Not so gentlemanly
It was an inauspicious start. The Barge forgot the scorebook and, for all we know, it is now coloured in, torn up and the pages of history are stuck on his fridge. Or the book is complete, but at the bottom of The Thames.
From there, things went downstream. Rarely have London Saints suffered such a hammering from The Gents, a genial bunch who play twice the number of matches as us and, as a result, have a far bigger squad (45 this season, largely recruited from Sainsbury’s, where one of their regulars work).
And for this match, they had a match winner in a batsman Lall, who having started his season for The Gents with two golden ducks, had scored a 50 the previous week then ran smack into form.
Against us he scored 128, which is 21 more than we scored in total. Including 11 sixes and 9 fours – eg., a century in 20 balls. Put it another way, he scored 45 off two overs from Keenan (6446.1) and Grimes (644.46), leading to outrageous accusations from Grimes to Keenan that “your sixes went further than mine.”
But to start at the beginning, as all the worst stories do.
Skipper Dave Thomas lost the toss and we fielded, as usual. The opening overs from Finn and The Barge were relatively efficient but innocuous, and it was down to first change Pete Berkeley to give us a breakthrough.
In consecutive overs, Pete took three wickets – two bowled, one LBW. The thing about Pete is that he’s a nagging bowler with great length, go-on-and-hit-me-then-see-what-happens balls. And it often works (up to a point: his missus left at the point that Pete got hit for three fours off his last three balls. Canny lass, that Cheryl).
At the other end, DT bowled better than I’ve seen all season without success. And Dave Nanton was the closest to getting out 128, for far less, but another top edge fell between wicketkeeper John Quinn and Paul Pearce without either going for it (although Quinny had the gloves, so his shout).
So until Lall got seriously going, we were in the game. Indeed, after 20 overs, they were 118-3 and in our innings, we were 98 at the same stage (ahem, albeit for a few more wickets).
But Lall then really let rip, able assisted by Desai playing the supporting role. The score went from 115 after 20 overs, to around 225-3 at the 30-over mark. It was mayhem, with most of his big hits down leg and into the bushes on the short boundary. Daylight shrubbery.
Paul Pearce came on to stimy the onslaught, getting Lall out to a dubious LBW halfway down the track which their umpire saw as a signal to stop the carnage and give the other batsmen a chance. One more wicket fell to PP but the score ended up an ominous 265. It was a ton too far.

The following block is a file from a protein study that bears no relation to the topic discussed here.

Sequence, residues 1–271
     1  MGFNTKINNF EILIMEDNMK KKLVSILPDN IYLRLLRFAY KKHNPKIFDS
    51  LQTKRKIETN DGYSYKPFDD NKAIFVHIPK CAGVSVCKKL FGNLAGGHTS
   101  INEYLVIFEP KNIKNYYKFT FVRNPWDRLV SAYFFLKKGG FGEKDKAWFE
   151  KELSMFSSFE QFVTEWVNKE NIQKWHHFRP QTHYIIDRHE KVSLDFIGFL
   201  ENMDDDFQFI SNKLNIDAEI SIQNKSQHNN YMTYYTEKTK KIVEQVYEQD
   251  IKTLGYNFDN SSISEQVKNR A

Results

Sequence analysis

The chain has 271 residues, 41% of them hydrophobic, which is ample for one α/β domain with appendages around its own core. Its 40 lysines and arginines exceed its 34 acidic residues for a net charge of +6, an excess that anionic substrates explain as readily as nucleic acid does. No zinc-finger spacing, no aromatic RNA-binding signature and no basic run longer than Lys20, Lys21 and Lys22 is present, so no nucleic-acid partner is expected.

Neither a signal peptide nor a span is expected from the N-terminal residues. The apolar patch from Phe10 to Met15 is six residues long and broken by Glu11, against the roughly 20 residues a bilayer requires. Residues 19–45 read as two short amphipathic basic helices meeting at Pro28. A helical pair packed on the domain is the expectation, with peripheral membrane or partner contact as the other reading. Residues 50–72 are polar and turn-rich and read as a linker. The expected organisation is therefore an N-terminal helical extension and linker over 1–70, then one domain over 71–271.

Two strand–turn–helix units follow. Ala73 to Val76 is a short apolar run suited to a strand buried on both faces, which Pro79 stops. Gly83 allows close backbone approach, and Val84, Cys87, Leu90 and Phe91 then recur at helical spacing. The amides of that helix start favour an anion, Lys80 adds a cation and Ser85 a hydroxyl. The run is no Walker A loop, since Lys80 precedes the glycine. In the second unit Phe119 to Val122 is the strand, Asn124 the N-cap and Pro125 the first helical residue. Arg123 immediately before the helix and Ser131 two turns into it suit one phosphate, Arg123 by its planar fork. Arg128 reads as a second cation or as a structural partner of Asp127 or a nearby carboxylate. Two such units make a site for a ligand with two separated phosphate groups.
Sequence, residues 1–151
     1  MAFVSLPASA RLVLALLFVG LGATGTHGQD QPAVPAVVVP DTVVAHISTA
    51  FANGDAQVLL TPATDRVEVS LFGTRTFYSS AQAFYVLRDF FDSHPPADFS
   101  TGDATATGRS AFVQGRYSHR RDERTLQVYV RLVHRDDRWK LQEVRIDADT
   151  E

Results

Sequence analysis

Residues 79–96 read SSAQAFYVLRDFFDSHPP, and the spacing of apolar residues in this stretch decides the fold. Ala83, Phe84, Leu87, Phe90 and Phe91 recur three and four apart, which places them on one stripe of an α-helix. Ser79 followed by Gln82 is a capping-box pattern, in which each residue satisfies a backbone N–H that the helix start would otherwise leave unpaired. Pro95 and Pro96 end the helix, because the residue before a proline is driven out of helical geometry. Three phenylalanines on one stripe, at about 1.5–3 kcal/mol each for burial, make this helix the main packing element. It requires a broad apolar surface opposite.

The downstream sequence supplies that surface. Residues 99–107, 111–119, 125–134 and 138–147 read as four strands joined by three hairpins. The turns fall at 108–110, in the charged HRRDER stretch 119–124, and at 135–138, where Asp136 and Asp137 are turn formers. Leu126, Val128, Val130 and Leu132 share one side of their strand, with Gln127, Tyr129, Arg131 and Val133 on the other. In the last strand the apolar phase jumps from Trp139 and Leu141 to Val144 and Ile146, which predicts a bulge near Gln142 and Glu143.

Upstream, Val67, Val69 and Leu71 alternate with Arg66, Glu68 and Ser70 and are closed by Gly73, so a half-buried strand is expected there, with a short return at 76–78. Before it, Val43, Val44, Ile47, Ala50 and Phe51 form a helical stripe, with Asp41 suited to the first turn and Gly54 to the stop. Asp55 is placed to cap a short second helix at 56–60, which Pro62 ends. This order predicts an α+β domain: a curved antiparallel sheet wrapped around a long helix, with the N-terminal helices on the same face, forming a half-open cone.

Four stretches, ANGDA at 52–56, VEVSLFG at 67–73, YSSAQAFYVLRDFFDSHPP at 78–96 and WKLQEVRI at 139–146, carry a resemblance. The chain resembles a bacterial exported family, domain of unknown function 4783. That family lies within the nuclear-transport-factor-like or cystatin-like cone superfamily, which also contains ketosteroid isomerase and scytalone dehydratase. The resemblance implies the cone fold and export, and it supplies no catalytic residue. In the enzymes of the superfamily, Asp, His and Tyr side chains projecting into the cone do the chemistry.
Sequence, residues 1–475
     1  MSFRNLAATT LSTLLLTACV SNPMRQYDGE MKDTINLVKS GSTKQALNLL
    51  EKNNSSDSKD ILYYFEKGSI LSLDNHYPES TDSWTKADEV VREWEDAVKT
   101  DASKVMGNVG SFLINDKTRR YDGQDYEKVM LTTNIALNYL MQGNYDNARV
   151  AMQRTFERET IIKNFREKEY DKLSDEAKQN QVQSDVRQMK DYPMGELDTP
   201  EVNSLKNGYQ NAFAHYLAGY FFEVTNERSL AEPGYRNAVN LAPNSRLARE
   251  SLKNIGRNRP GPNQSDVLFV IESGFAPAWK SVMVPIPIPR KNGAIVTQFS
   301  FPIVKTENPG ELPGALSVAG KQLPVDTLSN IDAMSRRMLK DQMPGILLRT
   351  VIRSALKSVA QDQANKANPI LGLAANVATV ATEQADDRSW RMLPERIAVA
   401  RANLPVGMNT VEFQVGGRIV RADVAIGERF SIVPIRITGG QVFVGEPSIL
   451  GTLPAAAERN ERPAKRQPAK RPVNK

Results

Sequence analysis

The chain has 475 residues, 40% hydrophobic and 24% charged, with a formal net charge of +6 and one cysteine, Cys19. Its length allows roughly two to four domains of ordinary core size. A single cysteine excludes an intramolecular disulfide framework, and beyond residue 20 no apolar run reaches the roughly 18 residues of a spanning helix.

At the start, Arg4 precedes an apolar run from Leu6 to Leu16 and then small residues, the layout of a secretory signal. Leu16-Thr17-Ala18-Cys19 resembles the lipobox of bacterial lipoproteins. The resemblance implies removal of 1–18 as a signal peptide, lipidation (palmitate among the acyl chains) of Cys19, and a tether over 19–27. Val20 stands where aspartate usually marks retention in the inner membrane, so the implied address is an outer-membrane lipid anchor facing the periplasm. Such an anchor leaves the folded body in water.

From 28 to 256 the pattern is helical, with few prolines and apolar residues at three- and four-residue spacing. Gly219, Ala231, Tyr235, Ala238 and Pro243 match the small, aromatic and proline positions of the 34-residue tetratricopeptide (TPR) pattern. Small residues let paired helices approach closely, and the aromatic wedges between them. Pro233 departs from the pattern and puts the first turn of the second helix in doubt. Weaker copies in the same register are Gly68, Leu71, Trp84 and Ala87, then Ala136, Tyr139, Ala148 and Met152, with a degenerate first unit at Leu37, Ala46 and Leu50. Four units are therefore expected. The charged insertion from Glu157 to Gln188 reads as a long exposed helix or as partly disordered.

Then it really fell to bits. The tea urn was lukewarm thanks to time spent in the bushes. They had doughnuts to weigh us down. And all our football predictions were wrong.
Openers Tony Grimes and The Barge were shot out – including Barge’s first ever duck for LSSC. Could his day get any worse? Mark Barber fell to a shooter, and LSSC were 14-3. The Wath hit a lusty 15 with his new bat (then knocked it in) but wickets continued to tumble, Nanton and Keenan falling to low scores.
It must be said at this stage at The Gents were ruthless, bringing on Lall to bowl after seriously good openers – perhaps mindful of avenging our opening fixture victory over them. There was no respite.
Pete and DT then settled the ship, sort of, to bring us roughly to par with their opening 20 overs. It was pleasing for DT to avoid another duck – not so for being stranded on a run out. From there, it was a gentle decline to 107, with Pete last out having top scored (PP also avoiding a duck, much to DT’s disgust, hollering for a ‘plum’ LBW from the touchline – it’s a Duck Trophy thing).
So we lost, badly. It didn’t stop there of course, PP then being run over when moving the sight screen, adding injury to insult (Dave Nanton declining to field on the boundary despite PP’s insistence, then protesting when the ball dropped two feet inside the boundary that he took a decision to move infield as he had to ‘charge in’ to save several singles previously. Aka Bollocks).
The only thing was to repair to the bar, only to hear further bad news: ace batsman and occasional bowler John Griffiths had had his gall bladder removed because of stones in there
On enquiring what his meant, it transpired the gall bladder served no purpose other than to remove bile. Which meant that, at a stroke, JG’s latest moniker of Dishonourable John became Vicious DJ – and he wasn’t even at the game.
True to LSSC, The Wath inquired why he hadn’t gone NHS rather than private – ‘typical Lib Dem,’ he retorted. Harsh. But fair.
So, a disappointing penultimate game for LSSC in such a successful season. “it’s been a really strange one,” opined skipper DT. “We’ve either won well – or had a right stuffing.” And this was a right stuffing.
Man of the match: No question about it: Pete Berkeley for three wickets and being top scorer. Sorry lads, but there really is no question about it.
Gavin for forgetting the scorebook. Tony for regaling us with how pissed he was after the last game and telling his family all about The Log in the train back from Roadrunners CC. Dave Nanton for his versions of Nanton TV and his Charging In all the time when none of us see it. But, in the end, Paul Pearce for being run over by a 2mph sight screen then complaining about his injury in the bar.
Denton lbw b. Berkeley 22
Guttam b. Berkeley 32
Desai st J Quinn b. Pearce 46
Kumar b. Berkeley 0
Lall lbw b. Pearce 128
Dev not out 19
Gilkes not out 1
Total 266 for 5
Van Marle 4-0-25-0
Grimes b. Guttam 9
Van Marle lbw b, Kumar 0
Barber b. Kumar 1
Wathan c&b b. Lall 15
Nanton c&b b. Dev 2
Keenan b. Dev 4
Berkeley b. Singh 29
F.Quinn b. Dev 6
Thomas run out 12
J.Quinn b. Desai 3
Pearce not out 0
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